On Christmas Day in 1666, Samuel Pepys wrote in his diary that he had risen earlier than his wife Who was desirous to sleep having sat up till four this morning seeing her maids make mince pies.
I really admire Mrs. P. She just sat and watched her maids do the work, yet her husband felt guilty about her workload. How did she get him to suffer like that?
Some Christmas carols seem a little too focused on food. For example:
“Now bring us some figgy pudding and a cup of good cheer!
We won't go until we get some, so bring it out here.”
Those were somebody's friends? Somebody should've called the cops.
Holiday baking has followed us into modern times. The 1970s was the decade of old time family television shows like The Waltons and memoir books.
Have you ever browsed through a memoir book? It could make you weep. They reminded us of times like this...
“Evenings when a cold blustery wind howled outside were perfect for sorting through recipes. They were cozy times. The children were sitting at the oak table helping Mama chop fruit and raisins. Papa was cracking and shelling nuts and crushing fresh spices in the grinder.”
Isn't that sweet? Sentences like that convinced me that if we did things just like people did before television was invented, the world would be a kinder, gentler place.
We'll never know. Paul told me, in no uncertain terms, that he was too busy to grind nuts for a cake he didn't even want.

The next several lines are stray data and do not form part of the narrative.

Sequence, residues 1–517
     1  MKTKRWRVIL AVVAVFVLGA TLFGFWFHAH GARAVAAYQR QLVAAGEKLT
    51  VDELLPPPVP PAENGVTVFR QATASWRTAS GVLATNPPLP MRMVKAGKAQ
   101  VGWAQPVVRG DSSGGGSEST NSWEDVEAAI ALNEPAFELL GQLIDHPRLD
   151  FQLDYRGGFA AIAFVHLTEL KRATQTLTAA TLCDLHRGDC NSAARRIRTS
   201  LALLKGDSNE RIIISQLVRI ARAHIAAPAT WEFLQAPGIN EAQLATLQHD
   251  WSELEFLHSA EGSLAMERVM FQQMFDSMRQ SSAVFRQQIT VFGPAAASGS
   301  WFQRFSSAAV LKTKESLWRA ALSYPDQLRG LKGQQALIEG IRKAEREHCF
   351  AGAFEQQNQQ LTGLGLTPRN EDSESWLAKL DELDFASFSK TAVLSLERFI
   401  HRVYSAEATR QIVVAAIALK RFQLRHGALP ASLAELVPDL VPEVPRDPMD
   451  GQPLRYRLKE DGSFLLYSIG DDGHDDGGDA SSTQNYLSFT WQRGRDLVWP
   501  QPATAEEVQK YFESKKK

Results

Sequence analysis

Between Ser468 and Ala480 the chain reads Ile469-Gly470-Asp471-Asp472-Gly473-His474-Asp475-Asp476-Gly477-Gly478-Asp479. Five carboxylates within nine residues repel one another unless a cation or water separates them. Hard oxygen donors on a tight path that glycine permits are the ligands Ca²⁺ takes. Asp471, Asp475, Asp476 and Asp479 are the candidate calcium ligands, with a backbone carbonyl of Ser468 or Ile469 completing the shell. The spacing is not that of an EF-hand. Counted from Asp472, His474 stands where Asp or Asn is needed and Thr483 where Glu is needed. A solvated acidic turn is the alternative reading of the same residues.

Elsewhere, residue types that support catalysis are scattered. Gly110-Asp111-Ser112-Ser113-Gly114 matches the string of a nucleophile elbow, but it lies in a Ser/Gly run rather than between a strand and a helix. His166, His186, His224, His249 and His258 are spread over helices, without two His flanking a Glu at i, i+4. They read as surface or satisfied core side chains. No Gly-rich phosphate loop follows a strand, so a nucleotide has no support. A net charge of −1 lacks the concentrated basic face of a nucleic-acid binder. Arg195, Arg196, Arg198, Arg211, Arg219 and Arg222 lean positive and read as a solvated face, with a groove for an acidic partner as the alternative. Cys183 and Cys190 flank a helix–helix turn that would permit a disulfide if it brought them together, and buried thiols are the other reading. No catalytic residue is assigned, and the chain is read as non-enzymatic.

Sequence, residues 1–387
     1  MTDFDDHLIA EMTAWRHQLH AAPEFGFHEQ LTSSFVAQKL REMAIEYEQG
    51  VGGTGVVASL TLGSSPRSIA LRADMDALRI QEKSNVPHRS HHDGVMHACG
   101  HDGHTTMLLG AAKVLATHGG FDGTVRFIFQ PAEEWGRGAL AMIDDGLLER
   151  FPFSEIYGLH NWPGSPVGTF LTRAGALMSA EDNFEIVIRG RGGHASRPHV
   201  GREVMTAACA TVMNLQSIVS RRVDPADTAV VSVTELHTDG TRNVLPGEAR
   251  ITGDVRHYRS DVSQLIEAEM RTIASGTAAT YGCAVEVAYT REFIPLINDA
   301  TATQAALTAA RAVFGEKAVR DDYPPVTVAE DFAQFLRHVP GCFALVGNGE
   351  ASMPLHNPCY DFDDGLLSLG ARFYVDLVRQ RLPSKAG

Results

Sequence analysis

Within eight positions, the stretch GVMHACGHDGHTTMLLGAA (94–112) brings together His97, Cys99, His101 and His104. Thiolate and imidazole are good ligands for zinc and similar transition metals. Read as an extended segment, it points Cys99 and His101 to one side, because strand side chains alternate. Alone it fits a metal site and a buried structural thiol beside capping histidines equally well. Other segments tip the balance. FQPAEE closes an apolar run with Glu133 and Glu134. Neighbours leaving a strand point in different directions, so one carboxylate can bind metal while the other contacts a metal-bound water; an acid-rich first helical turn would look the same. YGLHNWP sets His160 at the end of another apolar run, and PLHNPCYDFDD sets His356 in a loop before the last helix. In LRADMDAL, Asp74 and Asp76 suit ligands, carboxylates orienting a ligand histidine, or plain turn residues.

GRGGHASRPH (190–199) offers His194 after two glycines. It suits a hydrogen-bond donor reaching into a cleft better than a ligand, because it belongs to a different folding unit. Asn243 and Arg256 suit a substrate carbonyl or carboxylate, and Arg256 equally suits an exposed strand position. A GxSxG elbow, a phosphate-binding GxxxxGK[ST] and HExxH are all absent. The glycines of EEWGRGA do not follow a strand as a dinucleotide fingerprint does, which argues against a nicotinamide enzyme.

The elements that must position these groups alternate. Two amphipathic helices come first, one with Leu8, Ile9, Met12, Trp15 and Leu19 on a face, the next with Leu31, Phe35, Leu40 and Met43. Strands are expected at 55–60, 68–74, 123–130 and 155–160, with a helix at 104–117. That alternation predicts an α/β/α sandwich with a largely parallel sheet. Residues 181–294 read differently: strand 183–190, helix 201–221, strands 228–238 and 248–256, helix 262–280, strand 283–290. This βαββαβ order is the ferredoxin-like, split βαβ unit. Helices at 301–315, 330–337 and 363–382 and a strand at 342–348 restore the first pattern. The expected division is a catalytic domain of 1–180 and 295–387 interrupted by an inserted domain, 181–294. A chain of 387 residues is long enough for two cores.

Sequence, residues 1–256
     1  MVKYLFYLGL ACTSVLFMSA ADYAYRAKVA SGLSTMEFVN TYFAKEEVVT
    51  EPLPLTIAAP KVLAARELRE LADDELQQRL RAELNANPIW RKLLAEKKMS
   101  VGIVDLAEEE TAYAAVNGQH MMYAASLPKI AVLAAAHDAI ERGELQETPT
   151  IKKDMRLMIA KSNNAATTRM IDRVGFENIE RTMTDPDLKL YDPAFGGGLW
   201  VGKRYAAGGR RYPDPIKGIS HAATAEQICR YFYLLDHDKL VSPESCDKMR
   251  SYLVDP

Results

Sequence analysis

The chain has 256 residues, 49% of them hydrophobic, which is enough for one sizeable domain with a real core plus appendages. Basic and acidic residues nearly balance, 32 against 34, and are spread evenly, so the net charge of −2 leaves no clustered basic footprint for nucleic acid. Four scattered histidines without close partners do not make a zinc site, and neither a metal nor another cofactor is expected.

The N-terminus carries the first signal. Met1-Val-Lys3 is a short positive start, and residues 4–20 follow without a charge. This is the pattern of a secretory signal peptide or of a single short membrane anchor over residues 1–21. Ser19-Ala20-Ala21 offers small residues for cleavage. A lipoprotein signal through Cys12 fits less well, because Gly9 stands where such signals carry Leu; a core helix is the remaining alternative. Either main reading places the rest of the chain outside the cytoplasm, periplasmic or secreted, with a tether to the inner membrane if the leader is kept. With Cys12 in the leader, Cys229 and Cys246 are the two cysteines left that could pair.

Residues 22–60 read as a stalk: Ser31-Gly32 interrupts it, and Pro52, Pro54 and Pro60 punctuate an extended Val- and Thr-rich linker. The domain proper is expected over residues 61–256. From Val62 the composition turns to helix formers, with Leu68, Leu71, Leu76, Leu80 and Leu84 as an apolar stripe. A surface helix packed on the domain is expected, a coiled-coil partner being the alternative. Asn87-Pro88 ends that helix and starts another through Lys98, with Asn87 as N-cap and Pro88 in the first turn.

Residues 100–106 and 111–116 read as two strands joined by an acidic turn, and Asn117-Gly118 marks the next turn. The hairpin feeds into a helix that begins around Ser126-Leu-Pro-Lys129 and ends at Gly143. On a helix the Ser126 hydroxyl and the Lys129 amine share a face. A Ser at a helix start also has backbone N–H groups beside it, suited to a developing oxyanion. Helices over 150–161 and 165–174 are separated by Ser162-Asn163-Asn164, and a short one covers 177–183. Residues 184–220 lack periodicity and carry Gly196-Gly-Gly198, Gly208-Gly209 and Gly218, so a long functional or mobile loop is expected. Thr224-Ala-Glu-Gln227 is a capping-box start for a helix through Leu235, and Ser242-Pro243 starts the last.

Alright. Scratch Paul grinding his nuts. I bought ground nuts.
Step two... the batter had to be mixed. Back to that memoir...
“When all the fruits were in, Grandmother called, 'Come, stir the batter!'
We all took turns giving it a stir - clockwise for good luck - and made a wish."
I made a batter, threw in the fruits and called out, "Come, stir the batter!"
Carl pointed to the electric mixer sitting on the counter and said that he was staying on the eighth level of his computer game, The Temple of Ra. He also told me, in no uncertain terms, that he was too busy to stir batter for a cake he didn't even want.
I stirred the batter, clockwise.
Don't ask what I wished.
It's been downhill ever since. Do you know about the charming Swedish custom of hiding a whole almond in a serving bowl of rice pudding? The lucky person who finds the almond has to get married or do the dishes. Either my husband or my son - the fink never confessed - managed to swallow the almond every time.
I tried the German version - whoever finds the almond receives a marzipan pig. By then Paul and Carl had their own tradition: swallowing the almond. I felt so guilty looking at that poor rejected pig.
I started my own tradition and ate him... along with the cake.
There's a Christmas carol that goes: "Christmas is coming, the goose is getting fat..."
Well, the goose isn't the only one.